Bea should have told him she had a boyfriend.

Except, when she was with him, she didn’t want to have a boyfriend. It was such a nice evening. The nicest. She felt more serene than she’d felt in ages. The only thing she worried about was whether Gabe had those last three kings in his hand.

She frowns down at her to-do list. She and Erik need to talk. Whatever is going on with Gabe is making that super clear. Erik has to know something’s wrong. Maybe he doesn’t want to see it. But she’s been so distant. They haven’t had sex in months. She’s made up dozens of different excuses to cut their dates short or cancel and avoid him altogether.

She tries to picture herself saying the words. In her imagination, they are sitting in his car outside her house. We need to talk, she’ll say. I’m so sorry. You haven’t done anything wrong. You are amazing. I will always love you, but I’m not in love with you anymore, and we need to break up. She has written it out twenty times in her notebook, trying to find the perfect words, words that won’t hurt as much. She has memorized it. But when they’re together, she can’t seem to bring herself to say any of it.

She keeps coming up with excuses. Not at the coffee shop—it’s too public. Not at her house—there’s never any privacy. Not at his house—she can’t face his mom and dad and his little sisters afterward. She’s known his sisters since they were in kindergarten. His parents struggled to have another kid after Erik, and then they did IVF and had the twins when he was eight. Erik adores them. He’s a good big brother.

He’s been a good boyfriend too. He is clever and ambitious and kind. He was her first love. Her first everything. He’s been endlessly supportive, no matter how competitive and bitchy she gets about Chloe or Savannah or anyone else. He never complained when she wanted to study instead of make out or when she canceled a date to work late on the newspaper. He planned and plotted right alongside her. She honestly can’t remember whose idea it was to go to Georgetown. It was theirs.

How can she go without him?

She isn’t sure she can. She isn’t sure she wants to.

But she has to tell him the truth. She owes him that much.

Tonight, she decides. After the movie. She’ll tell him tonight.

Chapter Fifteen

KAT

Wednesday night is the first rehearsal for Little Women.

Kat is super nervous, which is absurd. She doesn’t get stage fright. She never gets stage fright. Not for her ballet recitals as a kid. Not during four years of fall plays and spring musicals or last year’s Theater I class productions. And this is just a read-through of the script! She knows she can rock this part. She’s not worried about her acting. No, she is suddenly, stupidly self-conscious about merely existing in front of Adam and Jillian.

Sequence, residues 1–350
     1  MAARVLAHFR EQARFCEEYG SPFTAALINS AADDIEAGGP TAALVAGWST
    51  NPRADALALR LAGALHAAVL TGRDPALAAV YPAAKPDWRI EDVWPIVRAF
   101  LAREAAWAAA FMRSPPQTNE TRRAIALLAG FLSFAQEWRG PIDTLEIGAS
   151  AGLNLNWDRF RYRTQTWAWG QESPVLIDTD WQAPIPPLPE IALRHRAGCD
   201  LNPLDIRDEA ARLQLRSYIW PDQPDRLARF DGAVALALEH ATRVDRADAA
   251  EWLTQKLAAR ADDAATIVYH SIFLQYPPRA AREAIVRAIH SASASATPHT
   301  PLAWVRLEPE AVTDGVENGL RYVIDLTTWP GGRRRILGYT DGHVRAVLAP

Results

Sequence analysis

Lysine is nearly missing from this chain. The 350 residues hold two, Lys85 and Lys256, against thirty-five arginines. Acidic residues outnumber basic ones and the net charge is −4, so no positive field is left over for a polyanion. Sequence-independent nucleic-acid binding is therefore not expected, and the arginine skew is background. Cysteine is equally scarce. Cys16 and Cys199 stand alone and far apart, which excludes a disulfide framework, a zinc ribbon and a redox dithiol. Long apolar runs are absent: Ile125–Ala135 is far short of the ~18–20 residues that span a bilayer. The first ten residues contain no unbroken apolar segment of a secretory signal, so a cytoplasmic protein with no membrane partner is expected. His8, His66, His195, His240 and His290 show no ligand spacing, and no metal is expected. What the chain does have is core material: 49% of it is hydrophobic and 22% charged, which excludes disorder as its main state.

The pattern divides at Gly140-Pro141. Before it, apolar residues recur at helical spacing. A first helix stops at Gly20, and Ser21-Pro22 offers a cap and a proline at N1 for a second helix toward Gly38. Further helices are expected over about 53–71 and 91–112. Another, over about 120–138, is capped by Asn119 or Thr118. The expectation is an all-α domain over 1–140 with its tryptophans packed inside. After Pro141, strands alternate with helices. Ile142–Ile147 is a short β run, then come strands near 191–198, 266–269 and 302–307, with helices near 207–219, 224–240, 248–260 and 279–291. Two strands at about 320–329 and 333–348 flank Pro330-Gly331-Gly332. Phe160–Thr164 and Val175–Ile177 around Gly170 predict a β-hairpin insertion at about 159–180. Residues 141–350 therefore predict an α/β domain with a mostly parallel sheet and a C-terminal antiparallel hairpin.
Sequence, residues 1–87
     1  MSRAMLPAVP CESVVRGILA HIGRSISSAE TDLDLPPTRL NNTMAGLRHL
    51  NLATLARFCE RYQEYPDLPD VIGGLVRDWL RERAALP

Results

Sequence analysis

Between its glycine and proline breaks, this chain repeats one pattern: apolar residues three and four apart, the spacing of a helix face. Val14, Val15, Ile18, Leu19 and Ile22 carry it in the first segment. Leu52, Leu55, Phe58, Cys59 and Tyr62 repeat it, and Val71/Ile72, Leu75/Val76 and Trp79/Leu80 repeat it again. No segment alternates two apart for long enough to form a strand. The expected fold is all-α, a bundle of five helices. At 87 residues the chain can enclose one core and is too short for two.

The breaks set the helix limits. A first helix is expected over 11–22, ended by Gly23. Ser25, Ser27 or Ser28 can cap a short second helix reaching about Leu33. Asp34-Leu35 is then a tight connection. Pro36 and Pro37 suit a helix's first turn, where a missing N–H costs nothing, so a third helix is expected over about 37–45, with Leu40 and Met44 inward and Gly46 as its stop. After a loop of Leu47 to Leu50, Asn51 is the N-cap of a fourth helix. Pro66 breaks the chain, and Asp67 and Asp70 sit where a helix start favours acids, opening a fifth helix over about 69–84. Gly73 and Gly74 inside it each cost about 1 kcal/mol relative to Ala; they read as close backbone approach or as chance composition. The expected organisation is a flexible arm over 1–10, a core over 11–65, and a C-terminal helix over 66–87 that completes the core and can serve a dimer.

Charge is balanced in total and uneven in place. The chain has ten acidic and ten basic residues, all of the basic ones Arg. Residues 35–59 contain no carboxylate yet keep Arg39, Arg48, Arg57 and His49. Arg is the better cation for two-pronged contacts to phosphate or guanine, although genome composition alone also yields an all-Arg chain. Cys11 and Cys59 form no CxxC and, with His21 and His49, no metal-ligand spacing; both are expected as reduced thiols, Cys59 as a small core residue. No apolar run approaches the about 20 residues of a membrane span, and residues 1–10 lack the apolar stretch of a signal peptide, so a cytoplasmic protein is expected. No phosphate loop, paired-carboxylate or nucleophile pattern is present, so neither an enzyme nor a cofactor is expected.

Last night, she had a nightmare about being onstage, playing Jo, while the two of them critiqued her from the audience. It was awful. She woke up feeling panicky and insecure, and the feeling has stayed with her all day. She knows they won’t mock her during rehearsal—Ms. Randall would put a stop to that—but what if they make fun of her later? It’s not like it’s beyond the realm of possibility. Adam’s done it before.

Sophomore year, after weeks of Adam flirting with Kat during Into the Woods rehearsals, his girlfriend Bailey broke up with him. And then he made fun of her incessantly, whenever the director wasn’t paying attention. When Bailey didn’t hit one of her high notes, when she tripped during a dance, when she ruined her costume brushing up against wet paint on a forest backdrop—Adam pointed it out. He said he was just kidding and she needed to lighten up. But it made Bailey so nervous that she made even more mistakes. Once, after a curtain call, Kat saw her crying alone backstage.

And Kat never spoke up. Never once told Adam to knock it off. His petty behavior actually made her feel good, confirmed that she was the one he wanted to be with. She was excited that a gorgeous, talented upperclassman—the one playing Prince Charming himself—had chosen her. So she enabled him and laughed it off when he was an asshole.

She never thought she would be in Bailey’s position.

Now that she is, Kat knows she cannot trust Adam to be kind. What if he embarrasses her? Undermines her in front of the whole cast and Ms. Randall? Kat wants this to be the first of many community theater productions she stars in. Impressing Ms. Randall is key.